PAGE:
Findable Accessible Interoperable Reusable Open Science Research Coordination Networks (FAIROS RCN)

Program Solicitation
NSF 22-553

NSF Logo

National Science Foundation

Directorate for Computer and Information Science and Engineering
     Office of Advanced Cyberinfrastructure

Directorate for Geosciences

Directorate for Social, Behavioral and Economic Sciences

Directorate for Biological Sciences

Directorate for Mathematical and Physical Sciences

Directorate for Engineering

Directorate for Education and Human Resources

Full Proposal Deadline(s) (due by 5 p.m. submitter's local time):

     April 12, 2022

IMPORTANT INFORMATION AND REVISION NOTES

Important Information

Innovating and migrating proposal preparation and submission capabilities from FastLane to Research.gov is part of the ongoing NSF information technology modernization efforts, as described in Important Notice No. 147 . In support of these efforts, research proposals submitted in response to this program solicitation must be prepared and submitted via Research.gov or via Grants.gov, and may not be prepared or submitted via FastLane.

Any proposal submitted in response to this solicitation should be submitted in accordance with the revised NSF Proposal & Award Policies & Procedures Guide (PAPPG) (NSF 22-1), which is effective for proposals submitted, or due, on or after October 4, 2021.

SUMMARY OF PROGRAM REQUIREMENTS

General Information

Program Title:

Findable Accessible Interoperable Reusable Open Science Research Coordination Networks (FAIROS RCN)

Synopsis of Program:

The FAIROS RCN program seeks to create three-year Research Coordination Networks (RCNs) which will foster catalytic improvements in scientific communities focusing on the FAIR (Findability, Accessibility, Interoperability, and Reuse, see Program Description for more information) guiding principles and Open Science best practices (inclusively summarized by the combined phrase FAIROS for purposes of this program). This program will support a broad range of activities by these new RCNs to advance the means by which investigators can share information and ideas, coordinate ongoing or planned research activities, foster synthesis and new collaborations, develop community standards, and in other ways advance science and education through communication and sharing of research products through FAIROS strategies.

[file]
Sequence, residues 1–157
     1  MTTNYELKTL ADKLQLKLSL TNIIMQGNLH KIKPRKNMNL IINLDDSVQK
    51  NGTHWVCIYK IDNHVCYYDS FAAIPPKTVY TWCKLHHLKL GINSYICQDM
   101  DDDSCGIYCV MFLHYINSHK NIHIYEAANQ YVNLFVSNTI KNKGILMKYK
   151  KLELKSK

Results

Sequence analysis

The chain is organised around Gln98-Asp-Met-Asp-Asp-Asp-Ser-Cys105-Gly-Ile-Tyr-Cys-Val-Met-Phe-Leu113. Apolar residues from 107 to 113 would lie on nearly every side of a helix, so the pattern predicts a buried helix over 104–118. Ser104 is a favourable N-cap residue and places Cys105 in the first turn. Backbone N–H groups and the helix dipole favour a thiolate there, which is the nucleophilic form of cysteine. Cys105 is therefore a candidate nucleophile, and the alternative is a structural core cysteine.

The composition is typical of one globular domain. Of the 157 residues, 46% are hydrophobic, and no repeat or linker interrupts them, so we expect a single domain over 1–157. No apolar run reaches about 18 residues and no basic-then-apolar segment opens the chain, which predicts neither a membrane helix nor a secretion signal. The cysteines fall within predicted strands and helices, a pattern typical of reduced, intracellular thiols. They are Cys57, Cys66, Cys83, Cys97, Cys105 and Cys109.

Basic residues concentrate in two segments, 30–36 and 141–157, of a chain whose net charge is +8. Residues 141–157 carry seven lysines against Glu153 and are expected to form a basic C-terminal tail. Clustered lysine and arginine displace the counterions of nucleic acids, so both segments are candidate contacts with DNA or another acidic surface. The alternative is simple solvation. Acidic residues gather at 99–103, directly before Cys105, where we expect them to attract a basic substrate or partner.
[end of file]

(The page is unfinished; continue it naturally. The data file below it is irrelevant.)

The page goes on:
FAIROS RCN proposals must select one of two tracks to focus on, either: 1) Disciplinary Improvements to targeted scientific communities, or 2) Cross-Cutting Improvements that apply to many or most scientific disciplines. In the case of proposals focused on Disciplinary Improvements, it is strongly recommended that prospective PIs contact a program officer from the list of Cognizant Program Officers in the directorate closest to the major disciplinary impact of the proposed work to ascertain that the scientific focus and budget of the proposed work are appropriate for this solicitation. In the case of proposals focused on Cross-Cutting Improvements, it is strongly recommended that prospective PIs contact a program officer from the list of Cognizant Program Officers from the Office of Advanced Cyberinfrastructure. For more on the NSF Public Access Initiative and Office of Integrative Activities, see the Program Description section below.

This program is undertaken in support of the NSF Public Access Initiative as described in the 2015 NSF Public Access Plan entitled "Today's Data, Tomorrow's Discoveries", an agency-wide response to the need for publicly funded research products to be made publicly accessible. This national priority was first broadly articulated by the Office of Science and Technology Policy in 2013, and is of ongoing importance to NSF as a whole. In addition, this program advances the priorities of NSF’s Office of Integrative Activities, which supports work across disciplinary boundaries that: advances research excellence and innovation; develops human and infrastructure capacity critical to the U.S. science and engineering enterprise; and promotes engagement of scientists and engineers at all career stages.

Cognizant Program Officer(s):

Please note that the following information is current at the time of publishing. See program website for any updates to the points of contact.

  • Martin D. Halbert, CISE/OAC Science Advisor for Public Access, telephone: (703) 292-8516, email: mhalbert@nsf.gov

  • Raleigh Martin, GEO/EAR Program Director, telephone: (703) 292-7199, email: ramartin@nsf.gov

  • Alan Tomkins, SBE/SES Acting Division Director, telephone: (703) 292-2690, email: ATOMKINS@nsf.gov

  • Peter H. McCartney, BIO/DBI Program Director, telephone: (703) 292-8470, email: pmccartn@nsf.gov

  • Bogdan Mihaila, CISE/OAC & MPS/PHY Science Advisor, telephone: (703) 292-8235, email: bmihaila@nsf.gov

  • Alexis Lewis, ENG/CMMI Deputy Division Director, telephone: (703) 292-2624, email: ALEWIS@nsf.gov

  • Lee Zia, EHR/DGE Acting Division Director, telephone: (703) 292-5140, email: lzia@nsf.gov

Applicable Catalog of Federal Domestic Assistance (CFDA) Number(s):

  • 47.041 --- Engineering
  • 47.049 --- Mathematical and Physical Sciences
  • 47.050 --- Geosciences
  • 47.070 --- Computer and Information Science and Engineering
  • 47.074 --- Biological Sciences
  • 47.075 --- Social Behavioral and Economic Sciences